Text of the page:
Does Creatine Make You Gain Weight? Myths and Facts

Does Creatine Make You Gain Weight? Myths and Facts - Lucid™

When it comes to supplements, creatine stands out as one of the most studied yet misunderstood options available. Despite its widespread use among athletes and fitness enthusiasts, there's still confusion surrounding its effects, particularly in relation to weight gain. Follow us as we answer a common question: does creatine make you gain weight?

We’ll delve into the science, nuances, and personal factors affecting creatine supplementation and weight gain to clear the air of any myths and leave you only with the facts. Let's jump into some basics:

Key Takeaways

Creatine does not cause significant weight gain or fat accumulation.

While creatine may lead to minor weight gain (2 to 4.5 pounds) during the initial loading phase, this is mainly attributed to increased water retention, not fat accumulation.

Strategies to manage water retention associated with creatine supplementation can help, but the weight gain effects are usually temporary. 

Creatine Basics

Creatine is a naturally occurring amino acid stored in the body and used as an energy source, primarily in the muscles. It's renowned for its ability to enhance athletic performance by increasing power and stamina during workouts. However, concerns often arise regarding its impact on body weight.

Luckily, many of the tales of serious weapons weight gain after creatine use are based on erroneous understanding, and creatine can actually be part of a healthy weight loss routine.

Let's bust a few of these myths:

Myth: Creatine Makes You Gain Fat

When you think of weight gain, you probably think of fat. It makes sense–most unwanted weight gain is caused by adding on unwanted fat.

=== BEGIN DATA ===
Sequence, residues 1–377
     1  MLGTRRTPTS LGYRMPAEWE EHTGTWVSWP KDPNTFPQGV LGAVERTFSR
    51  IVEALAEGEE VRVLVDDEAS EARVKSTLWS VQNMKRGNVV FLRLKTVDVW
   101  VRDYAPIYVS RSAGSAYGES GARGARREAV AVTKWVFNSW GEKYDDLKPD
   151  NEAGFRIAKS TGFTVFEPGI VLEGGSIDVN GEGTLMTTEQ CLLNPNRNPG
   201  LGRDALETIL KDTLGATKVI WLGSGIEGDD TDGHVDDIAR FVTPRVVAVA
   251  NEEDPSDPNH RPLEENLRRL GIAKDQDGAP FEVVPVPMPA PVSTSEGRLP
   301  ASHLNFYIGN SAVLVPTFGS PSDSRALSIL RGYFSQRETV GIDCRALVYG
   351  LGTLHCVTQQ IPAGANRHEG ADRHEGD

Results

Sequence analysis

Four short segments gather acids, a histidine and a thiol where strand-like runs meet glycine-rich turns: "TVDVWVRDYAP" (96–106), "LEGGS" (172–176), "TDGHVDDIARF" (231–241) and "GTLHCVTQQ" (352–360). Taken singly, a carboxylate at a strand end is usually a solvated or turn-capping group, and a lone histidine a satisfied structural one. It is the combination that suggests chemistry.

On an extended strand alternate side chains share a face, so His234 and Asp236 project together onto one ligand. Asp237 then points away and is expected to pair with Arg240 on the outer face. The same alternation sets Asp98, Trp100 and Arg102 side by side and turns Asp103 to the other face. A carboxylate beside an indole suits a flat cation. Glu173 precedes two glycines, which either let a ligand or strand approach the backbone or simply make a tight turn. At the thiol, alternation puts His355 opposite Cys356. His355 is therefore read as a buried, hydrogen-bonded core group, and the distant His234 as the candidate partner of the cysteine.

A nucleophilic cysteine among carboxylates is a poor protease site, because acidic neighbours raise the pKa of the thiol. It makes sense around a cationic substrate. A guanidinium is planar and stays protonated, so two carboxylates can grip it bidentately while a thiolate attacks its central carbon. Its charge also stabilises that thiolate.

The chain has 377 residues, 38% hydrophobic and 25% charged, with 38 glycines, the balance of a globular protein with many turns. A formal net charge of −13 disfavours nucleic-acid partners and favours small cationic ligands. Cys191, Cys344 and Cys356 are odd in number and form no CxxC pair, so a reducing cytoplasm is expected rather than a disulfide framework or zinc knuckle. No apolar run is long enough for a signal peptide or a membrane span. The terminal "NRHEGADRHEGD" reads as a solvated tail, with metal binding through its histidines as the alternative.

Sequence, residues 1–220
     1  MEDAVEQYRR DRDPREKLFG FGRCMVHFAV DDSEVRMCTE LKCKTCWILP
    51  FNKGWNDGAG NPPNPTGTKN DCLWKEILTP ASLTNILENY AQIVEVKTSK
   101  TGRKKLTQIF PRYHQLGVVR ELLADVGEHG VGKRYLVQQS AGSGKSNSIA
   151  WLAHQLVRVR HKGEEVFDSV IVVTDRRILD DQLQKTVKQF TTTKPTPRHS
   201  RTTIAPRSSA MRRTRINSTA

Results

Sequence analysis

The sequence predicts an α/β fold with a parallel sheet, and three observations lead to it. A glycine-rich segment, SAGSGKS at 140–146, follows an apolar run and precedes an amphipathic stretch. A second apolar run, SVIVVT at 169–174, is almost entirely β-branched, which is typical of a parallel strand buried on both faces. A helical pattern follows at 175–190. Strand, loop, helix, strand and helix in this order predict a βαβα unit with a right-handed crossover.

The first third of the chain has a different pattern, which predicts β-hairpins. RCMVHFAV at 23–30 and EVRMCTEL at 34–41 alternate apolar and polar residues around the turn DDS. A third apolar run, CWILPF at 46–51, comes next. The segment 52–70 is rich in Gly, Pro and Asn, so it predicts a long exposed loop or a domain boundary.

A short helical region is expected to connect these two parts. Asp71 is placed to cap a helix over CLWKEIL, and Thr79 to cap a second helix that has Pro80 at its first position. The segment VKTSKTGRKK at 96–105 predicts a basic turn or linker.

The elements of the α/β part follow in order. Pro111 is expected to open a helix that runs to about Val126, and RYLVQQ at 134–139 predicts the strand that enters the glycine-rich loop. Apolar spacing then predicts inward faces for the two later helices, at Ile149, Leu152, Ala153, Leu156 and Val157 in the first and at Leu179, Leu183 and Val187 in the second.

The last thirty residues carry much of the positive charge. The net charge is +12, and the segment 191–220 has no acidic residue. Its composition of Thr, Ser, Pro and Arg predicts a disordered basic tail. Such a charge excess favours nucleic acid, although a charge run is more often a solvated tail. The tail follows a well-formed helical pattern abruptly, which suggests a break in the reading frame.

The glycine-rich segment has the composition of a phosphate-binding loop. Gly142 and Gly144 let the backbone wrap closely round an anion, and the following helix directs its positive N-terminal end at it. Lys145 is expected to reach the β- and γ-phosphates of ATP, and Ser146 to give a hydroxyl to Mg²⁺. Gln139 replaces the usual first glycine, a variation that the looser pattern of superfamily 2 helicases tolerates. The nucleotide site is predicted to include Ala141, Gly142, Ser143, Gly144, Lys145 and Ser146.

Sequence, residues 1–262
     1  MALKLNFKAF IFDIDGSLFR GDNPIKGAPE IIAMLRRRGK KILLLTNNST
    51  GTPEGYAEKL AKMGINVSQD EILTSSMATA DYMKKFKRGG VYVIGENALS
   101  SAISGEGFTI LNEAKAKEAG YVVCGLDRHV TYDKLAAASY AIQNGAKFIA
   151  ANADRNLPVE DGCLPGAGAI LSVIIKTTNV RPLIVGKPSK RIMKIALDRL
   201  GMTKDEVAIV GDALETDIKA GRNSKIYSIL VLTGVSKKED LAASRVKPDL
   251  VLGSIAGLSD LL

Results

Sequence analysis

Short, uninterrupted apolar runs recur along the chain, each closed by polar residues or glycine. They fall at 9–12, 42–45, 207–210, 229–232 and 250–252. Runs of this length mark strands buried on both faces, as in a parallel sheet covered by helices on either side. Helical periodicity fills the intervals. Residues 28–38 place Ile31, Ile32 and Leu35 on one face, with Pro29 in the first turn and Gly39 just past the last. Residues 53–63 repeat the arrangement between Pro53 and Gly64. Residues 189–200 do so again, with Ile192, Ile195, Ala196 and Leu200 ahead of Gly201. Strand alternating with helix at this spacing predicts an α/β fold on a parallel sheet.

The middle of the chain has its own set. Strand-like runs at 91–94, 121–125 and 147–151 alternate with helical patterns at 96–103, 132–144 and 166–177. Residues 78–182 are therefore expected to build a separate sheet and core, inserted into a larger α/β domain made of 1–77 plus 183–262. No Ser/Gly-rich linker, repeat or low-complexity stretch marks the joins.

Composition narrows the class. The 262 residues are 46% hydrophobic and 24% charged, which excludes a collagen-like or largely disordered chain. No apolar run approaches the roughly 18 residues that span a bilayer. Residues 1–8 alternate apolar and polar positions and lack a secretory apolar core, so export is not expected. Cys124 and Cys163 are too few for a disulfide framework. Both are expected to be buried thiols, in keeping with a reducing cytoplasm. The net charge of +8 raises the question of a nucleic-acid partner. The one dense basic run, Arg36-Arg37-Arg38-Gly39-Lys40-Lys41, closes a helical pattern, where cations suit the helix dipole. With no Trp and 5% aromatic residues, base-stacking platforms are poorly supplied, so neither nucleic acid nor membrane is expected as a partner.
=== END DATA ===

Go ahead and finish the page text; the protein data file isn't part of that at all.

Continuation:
Luckily, creatine isn't the culprit, and there's no evidence to indicate that creatine causes any substantial increase in body fat or long-term weight gain. Studies have consistently shown that creatine does not lead to an increase in fat mass.

In fact, findings suggest that creatine supplementation is more likely to result in an overall decrease in body fat.

A comprehensive meta-analysis of creatine supplementation trials involving adults aged 50 and above found no significant difference in fat mass between those taking creatine and those on a placebo; in fact, adults supplementing with creatine experienced an average loss of slightly over a pound of fat mass.

This is primarily because individuals typically supplement creatine to enhance their workouts, which can indirectly contribute to fat loss.

Fact: Creatine May Cause You to Gain Trivial Amounts of Weight.

The common belief that creatine supplementation leads to significant weight gain isn't entirely unfounded. Studies indicate that individuals may experience a slight increase in body weight , typically ranging from 2 to 4.5 pounds, particularly during the initial loading phase of supplementation. This phase involves taking higher doses of creatine to expedite its effects.

In most cases, the weight gained during creatine supplementation can be attributed to increased water retention in the muscles. Creatine is osmotically active, meaning it attracts water, leading to temporary water weight gain. However, it's essential to recognize that this additional weight is primarily water and not fat mass.

Myth: Creatine Weight Gain Causes Permanent Bloat

So we've established that creatine doesn't cause you to gain fat, but it may cause you to gain a few pounds of water weight. Does that mean you'll feel bloated while taking creatine? Not exactly.

First, creatine can help you pack on a bit of water for your muscles–but it's not likely to cause any serious bloat in your gut. All of the excess water is stored in your muscles, helping them appear fuller, and not in your digestive tract.

Fact: Creatine Water Retention is Temporary

The truth is that the weight gain (likely from water retention) that you see after you start taking creatine is temporary.